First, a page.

My thought is going to 8k sample rate and FFT_256 and maybe using the last 128 samples to start the next set of 256. This would be a real discontinuity to the Audio style continuous process. My 256_FFT's would be done twice as fast - have a smaller freq range, but the net Hz/bin up to 4k should give me what I need to find a few key fast acting sound events that I'll need to get best pinpoint of timing on I can. I could use the ADC LIB sampling to get my own data, but haven't seen how to have the FFT run on that data yet.

  8. #8
    Member randomrichard's Avatar
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    I've just realized that FFT doesn't give a complex number output, which is required by my correlation algorithm. It looks like your application may not have this problem. I may just have to write my own FFT/correlation code for Teensy 3.1 as a Teensyduino sketch; slow maybe, but I have loads of time. And I've just discovered that kpc's first ref, above, shows the way. Thanks kpc!
    Last edited by randomrichard; 03-26-2015 at 09:21 PM.

  9. #9
    Senior Member+ defragster's Avatar
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    I found Real vs. complex FFT - that suggests part of the kpc optimization involves "using a complex fft for two real fft's simultaneously" to make it real only. On that page I found this link to other FFT sources So indeed you won't have a final complex FFT from this.

    Indeed if I can get the samples taken quickly and FFT processed to get the freq distribution my testing so far suggests I'll have what I need in 'real terms' from the great and powerful Teensy.

  10. #10
    Member randomrichard's Avatar
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    Thank you so much, kpc, for the cross correlation code referred to in your reply to me on the 25th. After a steep learning curve I have finally done the obvious and installed your excellent code, which works!
    Richard

  11. #11
    Member randomrichard's Avatar
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    Importing multiline integer files from PC to Teensy3.1

    After several months investigating the Audio board I have realized that it has limited scope; 44.1ksps, inputs transferred to ARM memory only as C++ *.h files, focus on music.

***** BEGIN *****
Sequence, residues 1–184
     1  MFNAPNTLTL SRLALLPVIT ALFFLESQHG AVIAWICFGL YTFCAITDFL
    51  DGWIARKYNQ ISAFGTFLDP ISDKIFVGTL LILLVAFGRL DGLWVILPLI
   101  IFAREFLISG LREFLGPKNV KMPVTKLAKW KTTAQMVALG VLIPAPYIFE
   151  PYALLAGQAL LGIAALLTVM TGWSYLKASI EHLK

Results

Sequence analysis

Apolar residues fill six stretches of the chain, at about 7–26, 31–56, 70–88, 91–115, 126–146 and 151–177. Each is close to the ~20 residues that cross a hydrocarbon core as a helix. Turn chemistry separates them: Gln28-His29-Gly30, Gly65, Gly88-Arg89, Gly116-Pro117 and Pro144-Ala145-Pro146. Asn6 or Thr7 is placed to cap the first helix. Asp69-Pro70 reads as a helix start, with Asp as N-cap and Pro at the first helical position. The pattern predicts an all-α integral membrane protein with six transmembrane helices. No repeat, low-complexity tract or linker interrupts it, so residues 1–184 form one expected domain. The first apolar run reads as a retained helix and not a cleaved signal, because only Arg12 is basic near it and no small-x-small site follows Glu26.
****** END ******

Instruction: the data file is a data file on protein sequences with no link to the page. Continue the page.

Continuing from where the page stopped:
I need to be able to upload chirp files sampled at arbitrary frequencies, say 10ksps, to perform FFT correlation with the code discussed above and have found no relevant examples to work on. It is vital for the correlation algorithm that the (anti)chirp used is identical to the audio chirp outputted by the Teensy, probably via the 12bit DAC, not the Audio Board. The nearest example to my need is the Communication\Serial Event, which I have modified to read a 1024 line file of unsigned 12bit numbers (e.g. 2175). Here is the, as yet incomplete, code I am trying to use:dacChirper.ino, which is supposed to receive a file from the PC using this VB code:Click image for larger version. 

Name:	VB.JPG 
Views:	90 
Size:	46.5 KB 
ID:	6418. The VB sends a few hundred lines of file but then crashes, presumably because the Teensy's buffer is full (?). However, I have assigned plenty of buffer space without changing the crash mode. Has anyone succeeded in sending a substantial numerical file to (not from!) the Teensy? I can find no example in the forum.

  12. #12
    Senior Member PaulStoffregen's Avatar
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    Quote Originally Posted by randomrichard View Post
    Has anyone succeeded in sending a substantial numerical file to (not from!) the Teensy? I can find no example in the forum.
    Well, I can tell you many thousands of people have used the VideoDisplay example in OctoWS2811, which transmits 30 or 60 images per second from a PC to Teensy. That's packed binary data, not text, so not exactly the same thing. But if you're looking for a confirmation Teensy can receive large amount of data, OctoWS2811 would be a pretty good example.

    This benchmark program sends data to Teensy also. Might be worth trying.

    http://www.pjrc.com/teensy/benchmark...l_receive.html

  13. #13
    Senior Member+ Frank B's Avatar
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    - Is the file you are sending ASCII ?
    - a crash means that you have a bug in your code.

    show us your code.

    inputs transferred to ARM memory only as C++ *.h files,
    ??? No.!!

  14. #14
    Senior Member+ Frank B's Avatar
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    ...just tested your sketch from above and sent a 500kb textfile to it (with a terminal-program "hterm"). Works fine.
    Where can i find the "crashing" sketch ?

    You're sending the received text back.... do you ever read the incoming data on the pc ? i can't see anything like that on your screenshot.
    Last edited by Frank B; 02-20-2016 at 12:03 AM.

  15. #15
    Senior Member+ Frank B's Avatar
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    ...you know that a newline on windows is two characters: LF+CR (\n\r) ?
    you're checking \n only..perhaps you're interpreting some wrong ?